Photochromic and photothermal hydrogels derived from natural amino acids and heteropoly acids†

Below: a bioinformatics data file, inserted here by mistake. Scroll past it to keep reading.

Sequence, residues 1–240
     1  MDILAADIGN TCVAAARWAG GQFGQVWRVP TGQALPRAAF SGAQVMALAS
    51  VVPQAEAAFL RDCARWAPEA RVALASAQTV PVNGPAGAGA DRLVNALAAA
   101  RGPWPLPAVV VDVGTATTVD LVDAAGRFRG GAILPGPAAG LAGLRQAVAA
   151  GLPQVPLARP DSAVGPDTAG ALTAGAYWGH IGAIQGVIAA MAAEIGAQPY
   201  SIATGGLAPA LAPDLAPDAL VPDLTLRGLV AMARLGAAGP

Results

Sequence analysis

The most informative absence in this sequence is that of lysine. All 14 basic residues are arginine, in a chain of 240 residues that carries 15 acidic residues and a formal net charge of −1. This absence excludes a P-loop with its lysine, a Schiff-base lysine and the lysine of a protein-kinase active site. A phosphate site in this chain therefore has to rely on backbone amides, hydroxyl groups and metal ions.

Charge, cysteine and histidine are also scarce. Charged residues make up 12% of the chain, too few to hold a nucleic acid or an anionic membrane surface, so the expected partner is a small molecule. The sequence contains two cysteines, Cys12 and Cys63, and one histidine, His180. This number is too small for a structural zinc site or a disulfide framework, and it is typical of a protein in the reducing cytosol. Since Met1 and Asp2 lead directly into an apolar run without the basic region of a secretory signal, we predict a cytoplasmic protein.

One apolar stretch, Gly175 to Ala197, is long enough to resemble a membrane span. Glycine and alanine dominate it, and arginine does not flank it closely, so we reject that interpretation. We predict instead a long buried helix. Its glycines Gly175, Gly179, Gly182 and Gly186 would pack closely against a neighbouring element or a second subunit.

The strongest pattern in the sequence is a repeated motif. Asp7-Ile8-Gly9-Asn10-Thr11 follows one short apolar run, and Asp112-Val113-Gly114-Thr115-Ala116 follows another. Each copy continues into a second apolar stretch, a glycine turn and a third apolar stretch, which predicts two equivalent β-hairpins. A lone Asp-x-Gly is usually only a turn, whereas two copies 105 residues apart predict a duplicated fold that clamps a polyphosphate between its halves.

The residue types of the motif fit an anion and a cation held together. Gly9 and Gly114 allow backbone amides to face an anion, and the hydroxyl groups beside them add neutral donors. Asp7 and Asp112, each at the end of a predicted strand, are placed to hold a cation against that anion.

A new class of supramolecular hydrogels have been designed and synthesized via the co-assembly of basic amino acids (AAs) and heteropoly acids (HPAs) under acidic conditions. The formation of gel-like samples is identified using an inverted tube method, rheology, and scanning and transmission electron microscopy. Fourier transform infrared spectroscopy reveals that the structural integrity of the HPAs is maintained during the gelation process. X-ray photoelectron spectroscopy (XPS) and proton nuclear magnetic resonance spectroscopy demonstrate that the anionic HPAs interact with both the protonated α-NH2 and the protonated side groups of the basic amino acids, initiating the preferential growth of one-dimensional nanofibers. These nanofibers bundle and entangle with each other to form extended three-dimensional network structures. The resulting AA/HPA supramolecular hydrogels show clear stereoselectivity of the basic amino acids. With the decreasing enantiomeric excess of the basic amino acids, the gelation propensity of the AA/HPA complexes is found to be depressed. The co-assembled hydrogels show the UV-responsive photochromic behaviour because of the presence of HPAs. The corresponding XPS data confirm that the photochromism of the hydrogels is attributed to the intervalence charge-transfer transition resulting from the reduction of HPAs. Interestingly, the reduced HPAs within the hydrogel matrix can absorb the near-infrared (NIR) light and exhibit photo-thermal conversion properties, which elevates the bulk temperature of the AA/HPA hydrogels and induces the gel-to-sol transition. This study unveils that HPAs have unique capacity to promote the gelation of basic amino acids for the construction of supramolecular soft materials with functional features.